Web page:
ized service from friendly shop owners! www.discov Mercer Museum Through April 2022: Found, Gifted, Saved! The Mercer Museum Collects Local History 84 South Pine Street, Doylestown, PA 18901; 215-345-0210; Michener Museum Through January 2: It’s Personal: The Art of Robert Beck October 30: Illustration Adult Class November 6: Explore Art: Drawling & Painting Through March 6: Miriam Carpenter – Shaping he Ethereal November 13: Teen Open Studio: Drawing & Painting 138 South Pine Street, Doylestown, PA18901; 215-340-9800; Michenerartmuseum.Org. Fonthill Musuem November 16-Decembr 31: Winter Wonderland Guided Tours December 4-5,11-12,18-19: Holiday Lights Meander “On Your Own” Timed Holiday Experience East Court Street & Route 313,Doylestown, PA 18901; 107TH Annual Tree Lighting November 26: Join us for the 107th Annual Tree Lighting. More information to come soon! Discover Doylestown’s Holiday Celebration, including seasonal lights and decorations as well as Free Weekend Parking, is supported by the Borough of Doylestown, the Doylestown Fire Department, and our wonderful sponsors. Pearl Buck Holiday Craft Show November 26-December 5: Juried artists and crafters display their works in the pre-Civil War barn located on the historic Pearl S. Buck estate. There will be art, ceramics, glass, pottery, wood, and jewelry. Visitors also will find decorative accessories, holiday décor, antiques, and holiday candies, jams, and jellies. 10 a.m. to 4 p.m. each day. Admission. 520 Dublin Road, Perkasie, PA. 215-249-0100; 2021 Christmas In Doylestown December 10-19: St. Paul’s Episcopal Church, Doylestown, is proud to present their annual Christmas in Doylestown House Tour re-imagined” as a free

walking/driving tour of exterior holiday decorations. Borough residents are decorating the exterior of their own houses and maps of participating houses will be available on the church website by Dec. 1st. www.StPauls Pearl S Buck November 11: Volunteer Orientation November 12: Designer Bag Bingo Fundraiser for PSBI,Center, November 16 – January 9: Festival of Trees tours of the Pearl S. Buck November 26-December 5: Holiday Craft Show 30year annual holiday December 9: Community Holiday Open House, 520 Dublin Road, Perkasie, PA 18944; Bucks Country Gardens November 6: Visiting Reindeer Photographs November 12: Christmas Preview Party December 17: Fall Bonus Bucks Redemption December 20: Gift Card Sale December 26: Christmas Clearance 1057 North Easton Road, Doylestown, PA; Peddlers Village November 6-7: Apple Weekend November 5-21: Merchants Open House November 19-Januaray 8: Gingerbread Display December 4-5: Holly Jolly Weekend Routes 202 and 263, Lahaska, PA. 215-794-4000; Peace Valley Nature Center Ongoing: Saturday Morning Walks November 3: Yoga for Kids November 5: Introduction to Botanical Illustration November 17: National Hike Day November 19: Full Moon Walk December 17: Luminaria Stroll February 16: Snow Moon Walk February 19: Blue Bird Workshop 170 North Chapman Road, Doylestown, PA. 215345-7860; Giggleberry Fair Ongoing: Climb Giggleberry Mountain, learn at Giggles Discovers, visit The Game Room, and take a ride on the antique Grand Carousel at Giggleberry Fair. Peddler’s Village, Routes 202 and 263, Lahaska, PA. 215-794-4000;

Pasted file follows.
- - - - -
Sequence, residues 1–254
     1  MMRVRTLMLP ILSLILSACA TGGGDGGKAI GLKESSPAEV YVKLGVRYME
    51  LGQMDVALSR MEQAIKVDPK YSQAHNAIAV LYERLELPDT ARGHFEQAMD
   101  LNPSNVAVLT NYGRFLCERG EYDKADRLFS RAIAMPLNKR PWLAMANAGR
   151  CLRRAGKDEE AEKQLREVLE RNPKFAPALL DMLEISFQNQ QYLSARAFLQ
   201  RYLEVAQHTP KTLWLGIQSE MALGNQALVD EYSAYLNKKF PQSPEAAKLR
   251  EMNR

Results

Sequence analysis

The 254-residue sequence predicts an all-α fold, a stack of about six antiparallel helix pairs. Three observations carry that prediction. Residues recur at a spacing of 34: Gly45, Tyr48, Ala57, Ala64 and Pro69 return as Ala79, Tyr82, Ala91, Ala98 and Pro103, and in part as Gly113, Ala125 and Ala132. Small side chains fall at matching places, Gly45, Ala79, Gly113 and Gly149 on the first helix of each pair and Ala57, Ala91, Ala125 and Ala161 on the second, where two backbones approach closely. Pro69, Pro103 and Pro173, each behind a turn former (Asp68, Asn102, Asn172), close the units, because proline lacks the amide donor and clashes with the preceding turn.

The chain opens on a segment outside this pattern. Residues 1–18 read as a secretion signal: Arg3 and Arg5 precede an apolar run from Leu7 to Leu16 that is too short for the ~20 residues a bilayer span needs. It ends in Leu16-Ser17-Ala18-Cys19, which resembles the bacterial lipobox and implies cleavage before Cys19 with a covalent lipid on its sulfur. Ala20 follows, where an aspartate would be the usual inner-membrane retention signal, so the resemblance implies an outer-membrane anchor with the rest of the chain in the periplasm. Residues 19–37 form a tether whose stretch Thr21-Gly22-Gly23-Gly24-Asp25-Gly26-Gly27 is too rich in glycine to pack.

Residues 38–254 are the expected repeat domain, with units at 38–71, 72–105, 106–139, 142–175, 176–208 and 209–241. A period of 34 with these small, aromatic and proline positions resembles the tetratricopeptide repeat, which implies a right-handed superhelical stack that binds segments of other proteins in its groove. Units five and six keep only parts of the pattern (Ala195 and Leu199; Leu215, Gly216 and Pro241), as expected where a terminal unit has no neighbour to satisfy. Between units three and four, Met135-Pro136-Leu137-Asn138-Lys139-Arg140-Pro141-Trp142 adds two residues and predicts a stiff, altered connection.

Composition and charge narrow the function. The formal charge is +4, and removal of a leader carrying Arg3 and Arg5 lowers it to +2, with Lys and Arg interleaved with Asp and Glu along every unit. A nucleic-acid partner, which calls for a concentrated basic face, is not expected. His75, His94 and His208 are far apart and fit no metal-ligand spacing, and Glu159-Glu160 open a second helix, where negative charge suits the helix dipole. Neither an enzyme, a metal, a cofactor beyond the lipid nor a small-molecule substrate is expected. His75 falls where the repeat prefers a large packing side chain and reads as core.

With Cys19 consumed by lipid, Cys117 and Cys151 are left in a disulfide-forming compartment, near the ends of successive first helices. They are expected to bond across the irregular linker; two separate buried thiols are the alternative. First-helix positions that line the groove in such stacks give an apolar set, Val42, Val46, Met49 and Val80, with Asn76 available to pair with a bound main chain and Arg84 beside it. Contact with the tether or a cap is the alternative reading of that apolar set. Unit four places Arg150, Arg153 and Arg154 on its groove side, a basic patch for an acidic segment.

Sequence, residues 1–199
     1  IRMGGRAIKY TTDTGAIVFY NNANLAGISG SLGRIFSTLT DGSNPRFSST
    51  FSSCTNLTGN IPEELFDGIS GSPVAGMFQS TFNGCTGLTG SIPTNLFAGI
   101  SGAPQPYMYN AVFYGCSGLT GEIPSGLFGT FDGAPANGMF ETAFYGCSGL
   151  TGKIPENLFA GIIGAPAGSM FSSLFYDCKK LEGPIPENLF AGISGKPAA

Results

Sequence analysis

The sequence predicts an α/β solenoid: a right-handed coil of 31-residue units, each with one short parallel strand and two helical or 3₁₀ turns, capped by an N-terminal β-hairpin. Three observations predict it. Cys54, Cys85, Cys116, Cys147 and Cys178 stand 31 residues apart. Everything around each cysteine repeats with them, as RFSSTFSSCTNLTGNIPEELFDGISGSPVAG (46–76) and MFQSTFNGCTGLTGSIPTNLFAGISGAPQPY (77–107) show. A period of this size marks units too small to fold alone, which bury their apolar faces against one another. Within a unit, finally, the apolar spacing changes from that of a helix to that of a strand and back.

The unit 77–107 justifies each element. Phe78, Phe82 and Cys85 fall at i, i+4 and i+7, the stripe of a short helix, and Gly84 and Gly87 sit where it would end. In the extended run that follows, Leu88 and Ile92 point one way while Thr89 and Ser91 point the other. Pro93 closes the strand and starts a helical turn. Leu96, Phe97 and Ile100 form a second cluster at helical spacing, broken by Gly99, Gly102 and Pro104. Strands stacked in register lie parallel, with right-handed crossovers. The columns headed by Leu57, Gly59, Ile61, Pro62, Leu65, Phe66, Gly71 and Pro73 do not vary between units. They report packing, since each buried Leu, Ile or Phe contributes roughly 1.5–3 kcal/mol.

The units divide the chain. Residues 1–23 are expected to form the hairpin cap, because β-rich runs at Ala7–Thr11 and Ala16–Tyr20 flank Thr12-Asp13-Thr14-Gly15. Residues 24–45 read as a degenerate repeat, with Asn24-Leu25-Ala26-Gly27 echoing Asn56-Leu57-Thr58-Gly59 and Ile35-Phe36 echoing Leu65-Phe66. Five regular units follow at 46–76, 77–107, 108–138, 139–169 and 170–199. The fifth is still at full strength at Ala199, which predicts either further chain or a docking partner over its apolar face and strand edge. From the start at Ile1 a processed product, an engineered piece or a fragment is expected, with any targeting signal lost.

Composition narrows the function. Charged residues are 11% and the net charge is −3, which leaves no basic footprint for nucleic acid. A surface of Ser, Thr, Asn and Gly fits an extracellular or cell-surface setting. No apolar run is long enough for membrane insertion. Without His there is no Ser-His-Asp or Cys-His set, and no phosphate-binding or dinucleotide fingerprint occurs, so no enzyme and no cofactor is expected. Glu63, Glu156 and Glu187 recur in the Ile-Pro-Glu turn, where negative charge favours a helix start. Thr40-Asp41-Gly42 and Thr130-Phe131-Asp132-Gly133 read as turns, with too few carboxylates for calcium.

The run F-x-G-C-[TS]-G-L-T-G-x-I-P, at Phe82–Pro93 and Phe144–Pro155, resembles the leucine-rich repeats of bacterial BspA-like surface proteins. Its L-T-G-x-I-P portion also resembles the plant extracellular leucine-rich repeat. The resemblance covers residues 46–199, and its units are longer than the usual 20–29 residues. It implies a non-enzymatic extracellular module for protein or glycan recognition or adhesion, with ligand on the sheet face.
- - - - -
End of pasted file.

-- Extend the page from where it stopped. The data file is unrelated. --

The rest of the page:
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People v By Bob Waite

Veterinarians in Love Doylestown residents John and Doris Emerson began their veterinary practice in the mid-1950s, and their lives are a testament to being in love with animals and each other


ohn (Doc) Emerson decided to become a veterinarian when his aunt had him feed raw eggs to a calf that had what seemed to be incurable diarrhea. Doc, a teenager who wanted to take home a calf from his uncle’s farm and raise it, followed his aunt’s somewhat strange instructions. “I had to open the calf’s mouth, break each egg on its teeth and make it swallow the raw egg every day for a week. I did it and she got better. That’s when I decided to become a veterinarian.”

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Visit for new work and information about upcoming exhibitions. Above: Robert Beck, Dog Day, 2012, oil on board, 24 x 30 inches, Private Collection